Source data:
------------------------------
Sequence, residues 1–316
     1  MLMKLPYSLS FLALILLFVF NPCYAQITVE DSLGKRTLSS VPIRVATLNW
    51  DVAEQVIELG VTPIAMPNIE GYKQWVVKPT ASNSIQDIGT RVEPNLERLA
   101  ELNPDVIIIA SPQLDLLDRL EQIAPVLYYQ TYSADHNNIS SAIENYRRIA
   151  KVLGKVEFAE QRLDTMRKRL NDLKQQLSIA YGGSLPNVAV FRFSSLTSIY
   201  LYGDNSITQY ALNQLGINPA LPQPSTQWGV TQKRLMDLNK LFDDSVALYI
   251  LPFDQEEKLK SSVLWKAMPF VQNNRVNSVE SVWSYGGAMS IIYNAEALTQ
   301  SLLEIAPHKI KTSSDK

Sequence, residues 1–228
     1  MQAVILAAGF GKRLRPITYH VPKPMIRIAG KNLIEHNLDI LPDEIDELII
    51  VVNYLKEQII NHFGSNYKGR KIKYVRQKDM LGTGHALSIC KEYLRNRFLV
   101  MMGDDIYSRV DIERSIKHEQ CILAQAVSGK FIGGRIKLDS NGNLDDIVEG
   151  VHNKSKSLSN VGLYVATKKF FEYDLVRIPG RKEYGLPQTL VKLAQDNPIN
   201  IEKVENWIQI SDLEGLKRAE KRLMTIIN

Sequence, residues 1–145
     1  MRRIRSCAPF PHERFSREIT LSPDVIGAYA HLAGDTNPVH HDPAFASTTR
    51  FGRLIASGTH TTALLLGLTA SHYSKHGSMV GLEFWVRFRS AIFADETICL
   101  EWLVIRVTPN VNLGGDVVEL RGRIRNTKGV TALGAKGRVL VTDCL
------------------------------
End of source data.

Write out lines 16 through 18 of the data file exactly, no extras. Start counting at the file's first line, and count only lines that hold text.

     1  MRRIRSCAPF PHERFSREIT LSPDVIGAYA HLAGDTNPVH HDPAFASTTR
    51  FGRLIASGTH TTALLLGLTA SHYSKHGSMV GLEFWVRFRS AIFADETICL
   101  EWLVIRVTPN VNLGGDVVEL RGRIRNTKGV TALGAKGRVL VTDCL